13 Schools Earn ‘Distinguished’ Honor
Cartersville Primary and Emerson Elementary will receive funding awards for making Adequate Yearly Progress for 10 straight years, while 11 other city and county schools will receive certificates for their academic progress.
Thirteen Bartow County and Cartersville elementary and middle schools were among the 824 schools statewide to be given the “Title I Distinguished” honor Thursday from the Georgia Department of Education. The complete list of honored schools is attached to this article.
Title I schools have significant populations of students who are classified as economically disadvantaged. The schools receive federal money to assist with the education of their students.
Title I schools earn the “Distinguished” label by achieving Adequate Yearly Progress (AYP) at least three years in a row. Local schools that met the criteria were Cartersville Primary and Cartersville Middle, in addition to a number of county elementary schools—Cloverleaf, Mission Road, Emerson, Allatoona, Adairsville, Pine Log, Taylorsville, White, Clear Creek and Kingston—and South Central Middle School.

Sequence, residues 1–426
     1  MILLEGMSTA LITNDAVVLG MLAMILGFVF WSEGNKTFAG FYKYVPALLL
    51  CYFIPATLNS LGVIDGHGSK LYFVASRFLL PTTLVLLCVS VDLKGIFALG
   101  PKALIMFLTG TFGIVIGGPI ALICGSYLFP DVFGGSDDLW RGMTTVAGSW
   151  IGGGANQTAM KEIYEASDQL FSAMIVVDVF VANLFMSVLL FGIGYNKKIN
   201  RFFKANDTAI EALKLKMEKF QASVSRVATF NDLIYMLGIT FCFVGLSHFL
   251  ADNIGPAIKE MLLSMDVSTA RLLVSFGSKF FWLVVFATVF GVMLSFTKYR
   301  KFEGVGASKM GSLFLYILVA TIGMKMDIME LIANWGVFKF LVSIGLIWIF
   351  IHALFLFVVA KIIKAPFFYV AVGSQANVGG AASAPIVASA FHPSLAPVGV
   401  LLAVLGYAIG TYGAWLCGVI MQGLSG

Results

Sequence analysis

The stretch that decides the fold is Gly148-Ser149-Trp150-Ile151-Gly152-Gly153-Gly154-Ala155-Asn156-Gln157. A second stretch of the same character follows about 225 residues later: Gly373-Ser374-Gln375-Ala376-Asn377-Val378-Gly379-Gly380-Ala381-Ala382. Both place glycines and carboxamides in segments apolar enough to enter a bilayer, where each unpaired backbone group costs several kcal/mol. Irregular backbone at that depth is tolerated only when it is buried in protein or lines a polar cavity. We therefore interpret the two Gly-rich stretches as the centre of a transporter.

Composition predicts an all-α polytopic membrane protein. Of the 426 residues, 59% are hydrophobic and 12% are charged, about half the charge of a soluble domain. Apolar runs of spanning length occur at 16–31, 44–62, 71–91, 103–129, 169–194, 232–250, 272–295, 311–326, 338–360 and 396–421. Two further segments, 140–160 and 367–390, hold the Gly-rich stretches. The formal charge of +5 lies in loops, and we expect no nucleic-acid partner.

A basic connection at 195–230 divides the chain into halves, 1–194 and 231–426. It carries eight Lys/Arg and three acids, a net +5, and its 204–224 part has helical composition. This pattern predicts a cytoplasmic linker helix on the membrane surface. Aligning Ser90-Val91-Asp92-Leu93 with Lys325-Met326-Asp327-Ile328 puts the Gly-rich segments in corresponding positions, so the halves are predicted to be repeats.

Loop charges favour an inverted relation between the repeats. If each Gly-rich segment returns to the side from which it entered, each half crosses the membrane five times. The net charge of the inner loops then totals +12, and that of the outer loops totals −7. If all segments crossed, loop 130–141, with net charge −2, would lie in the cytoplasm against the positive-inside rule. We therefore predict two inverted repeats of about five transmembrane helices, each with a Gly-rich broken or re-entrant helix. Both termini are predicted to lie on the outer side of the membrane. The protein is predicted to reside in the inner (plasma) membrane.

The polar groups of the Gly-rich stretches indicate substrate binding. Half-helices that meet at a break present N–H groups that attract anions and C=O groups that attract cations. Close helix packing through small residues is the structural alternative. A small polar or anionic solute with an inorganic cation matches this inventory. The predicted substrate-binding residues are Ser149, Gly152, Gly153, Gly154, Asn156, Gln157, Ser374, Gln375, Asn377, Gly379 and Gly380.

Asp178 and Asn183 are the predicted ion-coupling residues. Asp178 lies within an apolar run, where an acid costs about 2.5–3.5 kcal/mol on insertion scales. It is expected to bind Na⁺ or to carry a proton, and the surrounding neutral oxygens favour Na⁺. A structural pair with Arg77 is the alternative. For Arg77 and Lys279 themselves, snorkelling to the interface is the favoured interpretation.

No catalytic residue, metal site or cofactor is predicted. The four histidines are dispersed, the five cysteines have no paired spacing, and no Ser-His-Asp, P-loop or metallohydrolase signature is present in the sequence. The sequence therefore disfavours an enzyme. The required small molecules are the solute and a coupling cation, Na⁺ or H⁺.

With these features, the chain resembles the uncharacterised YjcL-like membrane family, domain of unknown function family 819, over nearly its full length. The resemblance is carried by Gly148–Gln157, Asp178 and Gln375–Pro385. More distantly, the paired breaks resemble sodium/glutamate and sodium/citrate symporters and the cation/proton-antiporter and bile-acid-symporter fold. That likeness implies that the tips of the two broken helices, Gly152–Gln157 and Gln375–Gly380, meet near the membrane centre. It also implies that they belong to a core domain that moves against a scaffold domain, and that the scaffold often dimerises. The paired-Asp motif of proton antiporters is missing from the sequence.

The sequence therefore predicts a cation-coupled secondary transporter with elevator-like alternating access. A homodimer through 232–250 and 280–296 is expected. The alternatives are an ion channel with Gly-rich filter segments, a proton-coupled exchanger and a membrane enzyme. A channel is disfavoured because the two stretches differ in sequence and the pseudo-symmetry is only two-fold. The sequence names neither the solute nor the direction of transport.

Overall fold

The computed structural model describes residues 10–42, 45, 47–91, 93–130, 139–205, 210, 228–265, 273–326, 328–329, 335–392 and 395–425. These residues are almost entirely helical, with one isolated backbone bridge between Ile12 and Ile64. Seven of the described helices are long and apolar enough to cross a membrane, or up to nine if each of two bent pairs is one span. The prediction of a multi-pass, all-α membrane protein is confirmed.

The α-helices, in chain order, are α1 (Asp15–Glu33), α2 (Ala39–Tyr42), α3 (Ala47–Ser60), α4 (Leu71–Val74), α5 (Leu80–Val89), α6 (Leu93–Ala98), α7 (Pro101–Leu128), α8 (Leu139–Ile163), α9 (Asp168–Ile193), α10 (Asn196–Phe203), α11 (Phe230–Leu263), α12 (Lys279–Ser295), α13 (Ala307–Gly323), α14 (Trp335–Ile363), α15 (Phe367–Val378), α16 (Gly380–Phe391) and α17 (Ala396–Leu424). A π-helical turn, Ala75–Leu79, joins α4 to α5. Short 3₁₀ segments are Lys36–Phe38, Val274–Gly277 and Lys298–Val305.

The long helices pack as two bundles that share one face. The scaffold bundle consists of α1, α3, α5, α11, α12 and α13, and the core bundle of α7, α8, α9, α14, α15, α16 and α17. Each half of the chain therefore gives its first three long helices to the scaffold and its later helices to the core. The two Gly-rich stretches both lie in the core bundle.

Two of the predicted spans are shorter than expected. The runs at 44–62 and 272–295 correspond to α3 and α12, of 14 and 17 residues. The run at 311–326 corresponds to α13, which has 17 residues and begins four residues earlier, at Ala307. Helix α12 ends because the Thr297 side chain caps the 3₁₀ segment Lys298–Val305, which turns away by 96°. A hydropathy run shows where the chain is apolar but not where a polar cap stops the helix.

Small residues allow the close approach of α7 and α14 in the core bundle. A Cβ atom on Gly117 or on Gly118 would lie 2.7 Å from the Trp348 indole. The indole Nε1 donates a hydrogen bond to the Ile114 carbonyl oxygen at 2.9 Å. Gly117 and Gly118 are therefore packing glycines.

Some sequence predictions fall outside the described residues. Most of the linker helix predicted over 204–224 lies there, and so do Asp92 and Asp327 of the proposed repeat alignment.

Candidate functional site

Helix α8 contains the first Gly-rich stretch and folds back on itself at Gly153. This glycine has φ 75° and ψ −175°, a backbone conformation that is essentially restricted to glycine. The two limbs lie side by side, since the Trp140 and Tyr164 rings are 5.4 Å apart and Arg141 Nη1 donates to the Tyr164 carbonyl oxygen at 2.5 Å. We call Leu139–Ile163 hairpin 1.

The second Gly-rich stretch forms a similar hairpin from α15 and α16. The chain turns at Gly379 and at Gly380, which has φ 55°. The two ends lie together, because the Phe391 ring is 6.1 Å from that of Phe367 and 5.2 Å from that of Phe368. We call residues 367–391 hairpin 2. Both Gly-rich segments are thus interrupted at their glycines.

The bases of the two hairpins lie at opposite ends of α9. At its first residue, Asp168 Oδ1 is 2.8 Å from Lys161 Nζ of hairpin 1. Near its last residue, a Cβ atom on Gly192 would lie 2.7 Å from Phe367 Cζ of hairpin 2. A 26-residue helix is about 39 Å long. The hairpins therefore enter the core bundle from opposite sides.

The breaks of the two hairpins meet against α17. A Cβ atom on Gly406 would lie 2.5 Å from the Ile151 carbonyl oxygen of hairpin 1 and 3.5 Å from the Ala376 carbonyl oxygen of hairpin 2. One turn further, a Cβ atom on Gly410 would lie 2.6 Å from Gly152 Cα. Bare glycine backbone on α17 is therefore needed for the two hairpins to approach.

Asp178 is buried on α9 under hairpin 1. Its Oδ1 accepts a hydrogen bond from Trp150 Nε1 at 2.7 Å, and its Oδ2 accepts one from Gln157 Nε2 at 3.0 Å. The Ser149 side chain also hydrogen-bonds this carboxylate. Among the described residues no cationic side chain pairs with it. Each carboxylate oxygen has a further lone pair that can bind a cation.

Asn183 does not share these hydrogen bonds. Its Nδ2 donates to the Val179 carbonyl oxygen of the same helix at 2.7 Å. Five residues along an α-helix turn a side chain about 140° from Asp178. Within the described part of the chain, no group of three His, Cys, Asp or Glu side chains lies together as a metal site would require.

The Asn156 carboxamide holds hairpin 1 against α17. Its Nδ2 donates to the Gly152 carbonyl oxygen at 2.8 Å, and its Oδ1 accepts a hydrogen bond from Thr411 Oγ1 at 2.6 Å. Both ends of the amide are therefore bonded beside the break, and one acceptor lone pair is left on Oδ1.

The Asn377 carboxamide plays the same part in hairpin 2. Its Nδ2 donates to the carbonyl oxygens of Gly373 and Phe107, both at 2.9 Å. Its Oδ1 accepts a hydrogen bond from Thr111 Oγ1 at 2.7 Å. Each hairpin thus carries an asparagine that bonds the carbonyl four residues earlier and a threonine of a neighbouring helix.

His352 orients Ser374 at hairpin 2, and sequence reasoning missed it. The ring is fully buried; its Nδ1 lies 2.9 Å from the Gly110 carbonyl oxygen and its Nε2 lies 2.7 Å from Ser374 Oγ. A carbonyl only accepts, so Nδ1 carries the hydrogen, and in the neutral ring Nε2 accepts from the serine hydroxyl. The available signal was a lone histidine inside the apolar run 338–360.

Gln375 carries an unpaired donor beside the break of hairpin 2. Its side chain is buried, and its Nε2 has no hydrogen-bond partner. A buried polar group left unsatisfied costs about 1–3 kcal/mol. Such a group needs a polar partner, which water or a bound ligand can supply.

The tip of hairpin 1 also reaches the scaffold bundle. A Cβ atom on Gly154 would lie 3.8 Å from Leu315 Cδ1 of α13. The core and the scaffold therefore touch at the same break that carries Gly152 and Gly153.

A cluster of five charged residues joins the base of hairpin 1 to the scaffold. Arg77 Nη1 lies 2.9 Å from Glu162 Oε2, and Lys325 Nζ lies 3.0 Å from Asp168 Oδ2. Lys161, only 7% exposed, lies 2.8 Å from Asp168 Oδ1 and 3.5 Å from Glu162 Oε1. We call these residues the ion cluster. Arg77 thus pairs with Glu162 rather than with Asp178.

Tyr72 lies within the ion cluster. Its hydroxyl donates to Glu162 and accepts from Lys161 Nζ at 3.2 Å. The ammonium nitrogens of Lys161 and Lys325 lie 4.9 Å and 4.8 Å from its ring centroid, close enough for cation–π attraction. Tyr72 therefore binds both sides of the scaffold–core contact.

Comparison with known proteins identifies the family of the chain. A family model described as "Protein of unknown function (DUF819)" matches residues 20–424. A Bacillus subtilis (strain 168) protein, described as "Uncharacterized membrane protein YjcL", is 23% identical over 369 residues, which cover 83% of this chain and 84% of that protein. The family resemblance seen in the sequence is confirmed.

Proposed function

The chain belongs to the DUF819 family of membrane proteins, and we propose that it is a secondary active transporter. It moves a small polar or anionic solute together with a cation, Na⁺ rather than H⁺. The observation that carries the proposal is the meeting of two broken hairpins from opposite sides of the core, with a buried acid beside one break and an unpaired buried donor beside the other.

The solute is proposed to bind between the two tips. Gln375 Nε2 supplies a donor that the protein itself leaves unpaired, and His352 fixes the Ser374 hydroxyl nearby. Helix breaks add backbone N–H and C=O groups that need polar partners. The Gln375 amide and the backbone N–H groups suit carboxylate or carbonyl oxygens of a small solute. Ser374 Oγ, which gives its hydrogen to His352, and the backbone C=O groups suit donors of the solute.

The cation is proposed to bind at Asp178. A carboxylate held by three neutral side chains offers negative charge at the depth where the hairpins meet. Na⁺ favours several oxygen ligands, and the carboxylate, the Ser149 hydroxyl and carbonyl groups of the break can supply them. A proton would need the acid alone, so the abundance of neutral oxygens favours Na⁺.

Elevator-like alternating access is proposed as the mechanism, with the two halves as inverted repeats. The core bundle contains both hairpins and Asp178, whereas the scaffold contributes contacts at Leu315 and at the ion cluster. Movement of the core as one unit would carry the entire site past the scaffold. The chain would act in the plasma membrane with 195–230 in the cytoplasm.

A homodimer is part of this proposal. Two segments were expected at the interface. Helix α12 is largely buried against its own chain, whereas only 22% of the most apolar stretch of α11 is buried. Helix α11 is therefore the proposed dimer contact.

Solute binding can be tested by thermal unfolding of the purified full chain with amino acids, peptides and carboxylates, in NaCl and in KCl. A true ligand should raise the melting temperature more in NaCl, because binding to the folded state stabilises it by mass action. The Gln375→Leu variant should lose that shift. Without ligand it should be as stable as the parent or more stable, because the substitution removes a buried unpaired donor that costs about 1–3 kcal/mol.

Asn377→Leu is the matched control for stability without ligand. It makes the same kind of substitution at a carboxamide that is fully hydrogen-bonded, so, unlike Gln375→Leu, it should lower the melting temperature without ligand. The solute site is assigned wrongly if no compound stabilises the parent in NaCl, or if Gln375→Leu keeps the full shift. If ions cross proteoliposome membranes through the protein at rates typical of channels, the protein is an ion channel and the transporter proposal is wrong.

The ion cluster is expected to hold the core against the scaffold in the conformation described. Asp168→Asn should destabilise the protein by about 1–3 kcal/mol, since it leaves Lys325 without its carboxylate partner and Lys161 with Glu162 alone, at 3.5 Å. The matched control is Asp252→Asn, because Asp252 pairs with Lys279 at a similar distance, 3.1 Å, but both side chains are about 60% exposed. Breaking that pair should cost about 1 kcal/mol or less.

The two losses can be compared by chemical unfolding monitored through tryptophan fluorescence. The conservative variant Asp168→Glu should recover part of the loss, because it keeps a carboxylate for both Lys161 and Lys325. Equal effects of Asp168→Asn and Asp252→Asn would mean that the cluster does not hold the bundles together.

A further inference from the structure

Adequate Yearly Progress is a measure that shows how schools are meeting goals prescribed by the federal No Child Left Behind Act. In addition to academic achievement and test participation benchmarks, schools under NCLB must also meet or surpass goals in a third area known as a “second indicator.” All students at a school, as well as any qualifying subgroup of students, must meet goals in all three categories in order for the school to make AYP.
Those schools making AYP at least three consecutive years are awarded a certificate, while those making AYP 10 or more years receive a monetary award, paid for out of federal funds. Both Cartersville Primary and Emerson Elementary met the latter requirement, with their students making AYP 10 consecutive years, putting each school in the Distinguished category for eight straight years. Each of the schools will receive $1,530 for the achievements.
CPS Principal Walter Gordon told The Daily Tribune News his school would use the money to continue professional development.
Consecutive Years Making AYP
|Mission Road Elementary||9||7|
|Pine Log Elementary||9||7|
|Clear Creek Elementary||7||5|
|South Central Middle||5||3|
Making AYP has become tougher in recent years due to the ramping up of academic goals. Schools across the state are being required to increase their academic results as goals move closer to a required 100-percent proficiency for all students by 2014.